Document Type : Original Article

Authors

1 Kerman University of Medical Sciences

2 Institute for Futures Studies in Health, Kerman University of Medical Sciences

3 Institute for Futures Studies in Health, Kerman University of Medical

Abstract

Background: Understanding the relationship between religiosity and health behaviors helps us to tailor messages based on cultural beliefs. We conducted an online survey to find any relationship between fatalistic beliefs, religiosity, and mask-wearing in an Islamic context.
Methods:The participants consisted of 503 subjects from the adult population of Kerman Province located in the Southeast of Iran. The measurement tool consisted of four sections; (A) demographic characteristics, (B) three items related to mask-wearing, (C) The God Locus of Health Control (G LHC) scale consisting of six items measuring fatalistic beliefs, (D) The Duke University Religion Index (DUREL) consisting of five items measuring religiosity.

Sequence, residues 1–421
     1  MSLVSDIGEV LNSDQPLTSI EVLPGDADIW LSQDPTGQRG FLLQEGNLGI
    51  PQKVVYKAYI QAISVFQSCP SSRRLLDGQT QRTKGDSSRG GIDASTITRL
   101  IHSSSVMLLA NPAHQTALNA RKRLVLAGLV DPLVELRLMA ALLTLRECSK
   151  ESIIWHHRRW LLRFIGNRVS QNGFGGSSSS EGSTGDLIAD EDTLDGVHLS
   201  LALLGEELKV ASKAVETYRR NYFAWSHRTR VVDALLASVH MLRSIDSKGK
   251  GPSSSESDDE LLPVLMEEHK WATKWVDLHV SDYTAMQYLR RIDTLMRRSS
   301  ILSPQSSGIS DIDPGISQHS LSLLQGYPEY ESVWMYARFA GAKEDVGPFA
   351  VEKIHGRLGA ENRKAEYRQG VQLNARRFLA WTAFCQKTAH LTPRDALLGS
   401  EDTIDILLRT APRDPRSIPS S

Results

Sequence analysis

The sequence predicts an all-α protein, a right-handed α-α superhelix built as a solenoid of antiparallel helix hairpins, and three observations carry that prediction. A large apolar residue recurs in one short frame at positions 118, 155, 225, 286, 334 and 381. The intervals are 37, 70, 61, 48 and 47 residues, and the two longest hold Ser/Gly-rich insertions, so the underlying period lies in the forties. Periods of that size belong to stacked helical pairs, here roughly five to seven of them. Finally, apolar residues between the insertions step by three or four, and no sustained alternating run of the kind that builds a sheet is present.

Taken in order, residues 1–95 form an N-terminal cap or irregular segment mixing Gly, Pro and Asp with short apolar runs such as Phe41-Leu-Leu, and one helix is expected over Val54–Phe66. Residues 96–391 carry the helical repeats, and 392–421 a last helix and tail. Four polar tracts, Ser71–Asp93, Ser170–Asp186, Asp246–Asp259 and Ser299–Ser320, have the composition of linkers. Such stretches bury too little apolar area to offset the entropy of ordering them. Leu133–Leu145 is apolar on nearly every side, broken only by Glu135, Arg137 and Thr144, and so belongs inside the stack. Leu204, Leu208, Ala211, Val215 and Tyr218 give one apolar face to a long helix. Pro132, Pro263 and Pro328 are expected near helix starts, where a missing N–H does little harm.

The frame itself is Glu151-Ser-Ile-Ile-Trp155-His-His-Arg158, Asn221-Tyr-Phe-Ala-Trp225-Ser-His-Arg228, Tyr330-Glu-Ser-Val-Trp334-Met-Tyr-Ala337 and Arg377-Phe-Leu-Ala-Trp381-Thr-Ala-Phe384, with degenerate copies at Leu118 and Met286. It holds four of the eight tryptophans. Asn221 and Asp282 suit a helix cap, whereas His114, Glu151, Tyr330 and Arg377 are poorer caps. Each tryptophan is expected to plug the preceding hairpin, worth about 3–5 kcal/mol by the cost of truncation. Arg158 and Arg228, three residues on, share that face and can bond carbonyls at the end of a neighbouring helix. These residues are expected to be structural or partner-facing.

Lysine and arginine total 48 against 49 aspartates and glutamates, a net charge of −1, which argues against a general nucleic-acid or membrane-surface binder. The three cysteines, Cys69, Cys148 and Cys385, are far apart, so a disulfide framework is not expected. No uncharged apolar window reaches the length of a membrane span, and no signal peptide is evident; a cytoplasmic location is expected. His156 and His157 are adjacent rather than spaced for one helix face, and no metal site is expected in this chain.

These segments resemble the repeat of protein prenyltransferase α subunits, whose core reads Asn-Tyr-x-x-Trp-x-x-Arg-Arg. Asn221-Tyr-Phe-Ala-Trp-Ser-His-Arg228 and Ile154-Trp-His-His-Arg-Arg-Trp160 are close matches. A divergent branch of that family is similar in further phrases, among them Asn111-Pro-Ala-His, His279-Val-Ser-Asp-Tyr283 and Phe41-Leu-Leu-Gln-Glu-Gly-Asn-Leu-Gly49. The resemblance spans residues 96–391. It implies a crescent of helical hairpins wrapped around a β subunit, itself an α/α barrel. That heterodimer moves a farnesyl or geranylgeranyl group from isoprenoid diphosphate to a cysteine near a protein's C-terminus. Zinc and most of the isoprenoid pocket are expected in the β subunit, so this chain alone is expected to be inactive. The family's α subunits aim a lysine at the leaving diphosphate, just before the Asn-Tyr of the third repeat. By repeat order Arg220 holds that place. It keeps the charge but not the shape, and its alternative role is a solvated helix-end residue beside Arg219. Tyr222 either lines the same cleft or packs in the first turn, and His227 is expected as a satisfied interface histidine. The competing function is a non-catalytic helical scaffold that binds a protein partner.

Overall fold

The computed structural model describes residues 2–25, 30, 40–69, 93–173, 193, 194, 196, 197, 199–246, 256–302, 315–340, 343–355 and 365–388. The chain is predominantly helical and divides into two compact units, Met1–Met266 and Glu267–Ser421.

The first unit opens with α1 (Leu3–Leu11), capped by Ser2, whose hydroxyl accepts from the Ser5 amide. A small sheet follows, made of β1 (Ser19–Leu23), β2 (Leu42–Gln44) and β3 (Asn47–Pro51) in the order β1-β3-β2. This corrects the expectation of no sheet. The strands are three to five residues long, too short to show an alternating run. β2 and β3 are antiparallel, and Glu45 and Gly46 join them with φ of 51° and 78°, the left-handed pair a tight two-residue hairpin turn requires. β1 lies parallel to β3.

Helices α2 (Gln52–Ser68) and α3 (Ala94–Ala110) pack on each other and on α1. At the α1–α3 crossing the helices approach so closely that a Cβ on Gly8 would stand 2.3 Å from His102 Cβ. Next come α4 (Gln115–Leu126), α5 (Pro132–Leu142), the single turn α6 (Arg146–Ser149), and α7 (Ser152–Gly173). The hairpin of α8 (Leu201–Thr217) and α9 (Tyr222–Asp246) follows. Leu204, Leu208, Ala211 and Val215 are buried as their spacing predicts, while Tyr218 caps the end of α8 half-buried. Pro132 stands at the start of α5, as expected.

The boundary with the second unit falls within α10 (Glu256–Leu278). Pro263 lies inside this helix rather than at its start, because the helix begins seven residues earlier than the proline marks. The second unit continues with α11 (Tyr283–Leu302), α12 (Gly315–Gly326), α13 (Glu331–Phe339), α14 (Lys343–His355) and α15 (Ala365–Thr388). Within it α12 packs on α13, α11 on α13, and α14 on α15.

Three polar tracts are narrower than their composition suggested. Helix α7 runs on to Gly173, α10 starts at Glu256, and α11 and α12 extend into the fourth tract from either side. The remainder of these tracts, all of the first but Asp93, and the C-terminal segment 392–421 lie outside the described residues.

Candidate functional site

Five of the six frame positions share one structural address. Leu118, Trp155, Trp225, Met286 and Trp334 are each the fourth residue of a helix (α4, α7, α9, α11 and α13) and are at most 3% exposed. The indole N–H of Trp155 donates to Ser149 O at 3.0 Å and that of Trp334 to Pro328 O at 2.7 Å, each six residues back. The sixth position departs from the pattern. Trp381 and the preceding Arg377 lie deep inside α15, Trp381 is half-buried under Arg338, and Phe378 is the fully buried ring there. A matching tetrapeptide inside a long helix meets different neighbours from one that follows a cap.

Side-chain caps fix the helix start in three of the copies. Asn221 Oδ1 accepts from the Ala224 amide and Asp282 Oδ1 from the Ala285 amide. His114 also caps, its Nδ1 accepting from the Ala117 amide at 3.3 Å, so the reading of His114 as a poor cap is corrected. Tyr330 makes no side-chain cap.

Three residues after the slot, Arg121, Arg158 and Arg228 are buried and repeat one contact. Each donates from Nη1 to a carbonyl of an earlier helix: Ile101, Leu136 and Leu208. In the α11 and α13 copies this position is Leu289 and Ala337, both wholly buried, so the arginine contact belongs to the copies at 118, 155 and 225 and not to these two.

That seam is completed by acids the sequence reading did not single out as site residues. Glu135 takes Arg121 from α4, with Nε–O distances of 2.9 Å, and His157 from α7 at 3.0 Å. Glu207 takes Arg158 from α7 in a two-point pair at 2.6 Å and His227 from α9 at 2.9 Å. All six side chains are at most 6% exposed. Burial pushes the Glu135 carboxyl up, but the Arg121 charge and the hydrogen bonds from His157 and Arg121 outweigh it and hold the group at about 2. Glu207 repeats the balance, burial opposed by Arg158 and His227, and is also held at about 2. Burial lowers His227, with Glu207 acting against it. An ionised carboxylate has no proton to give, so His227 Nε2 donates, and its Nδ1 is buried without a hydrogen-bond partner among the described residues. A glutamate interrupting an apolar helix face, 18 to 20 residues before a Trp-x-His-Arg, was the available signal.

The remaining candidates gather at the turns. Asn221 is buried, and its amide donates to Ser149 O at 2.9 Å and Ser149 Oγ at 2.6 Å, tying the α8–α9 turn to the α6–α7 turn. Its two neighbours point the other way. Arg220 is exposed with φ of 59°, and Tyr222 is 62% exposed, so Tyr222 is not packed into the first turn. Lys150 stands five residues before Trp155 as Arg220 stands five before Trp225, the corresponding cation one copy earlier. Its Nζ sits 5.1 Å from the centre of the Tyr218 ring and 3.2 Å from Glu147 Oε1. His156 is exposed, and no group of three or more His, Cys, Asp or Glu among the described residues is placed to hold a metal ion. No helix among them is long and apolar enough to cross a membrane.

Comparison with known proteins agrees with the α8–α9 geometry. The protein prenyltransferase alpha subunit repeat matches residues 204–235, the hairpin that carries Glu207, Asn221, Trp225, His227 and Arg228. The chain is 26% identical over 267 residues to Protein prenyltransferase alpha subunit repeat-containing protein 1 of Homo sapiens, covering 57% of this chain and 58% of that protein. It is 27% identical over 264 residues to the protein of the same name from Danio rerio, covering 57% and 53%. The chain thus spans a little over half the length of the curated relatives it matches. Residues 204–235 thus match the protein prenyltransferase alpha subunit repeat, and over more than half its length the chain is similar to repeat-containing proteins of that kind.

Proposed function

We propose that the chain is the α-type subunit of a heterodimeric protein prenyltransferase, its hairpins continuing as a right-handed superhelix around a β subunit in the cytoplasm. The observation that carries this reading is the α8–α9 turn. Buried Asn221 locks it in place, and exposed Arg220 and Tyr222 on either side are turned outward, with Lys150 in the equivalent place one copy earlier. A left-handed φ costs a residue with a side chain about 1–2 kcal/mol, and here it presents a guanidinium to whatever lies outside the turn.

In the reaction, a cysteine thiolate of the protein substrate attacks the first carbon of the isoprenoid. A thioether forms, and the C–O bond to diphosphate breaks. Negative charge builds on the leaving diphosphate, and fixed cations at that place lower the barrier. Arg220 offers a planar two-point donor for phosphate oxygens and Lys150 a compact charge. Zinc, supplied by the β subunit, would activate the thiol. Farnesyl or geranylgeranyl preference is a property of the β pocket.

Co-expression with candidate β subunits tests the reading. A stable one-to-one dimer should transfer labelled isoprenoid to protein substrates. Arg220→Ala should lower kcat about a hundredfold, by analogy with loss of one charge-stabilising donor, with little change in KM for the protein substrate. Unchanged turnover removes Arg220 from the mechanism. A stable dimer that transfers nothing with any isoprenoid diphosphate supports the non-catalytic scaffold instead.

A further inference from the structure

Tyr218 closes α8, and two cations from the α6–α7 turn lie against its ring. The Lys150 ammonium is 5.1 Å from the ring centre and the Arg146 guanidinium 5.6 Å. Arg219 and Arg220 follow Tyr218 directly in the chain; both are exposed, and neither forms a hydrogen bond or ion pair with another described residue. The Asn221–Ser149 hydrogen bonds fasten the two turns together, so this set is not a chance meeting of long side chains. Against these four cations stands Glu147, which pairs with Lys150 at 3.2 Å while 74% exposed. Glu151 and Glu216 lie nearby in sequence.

Results: The mean age of the participants was 36.5 ± 10.9 years, and females consisted 60% (n=302) of the sample. More than one-fifth (n=109) reported a history of COVID-19 infection. Approximately one-third of respondents (n=163) reported full mask adherence. Logistic regression model showed that there was no significant relationship between mask adherence and religiosity (odds ratio: 1.03; 95% confidence interval (CI): 0.99-1.08) and fatalistic beliefs (OR:1.01; 95% CI: 0.98-1.04 ).
Conclusion:We found no association of fatalism and religiosity with the mask-wearing during COVID-19 in the Iranian Muslim population. So we can conclude that religious beliefs may have no place in cultural tailoring of health messages for promoting mask adherence.

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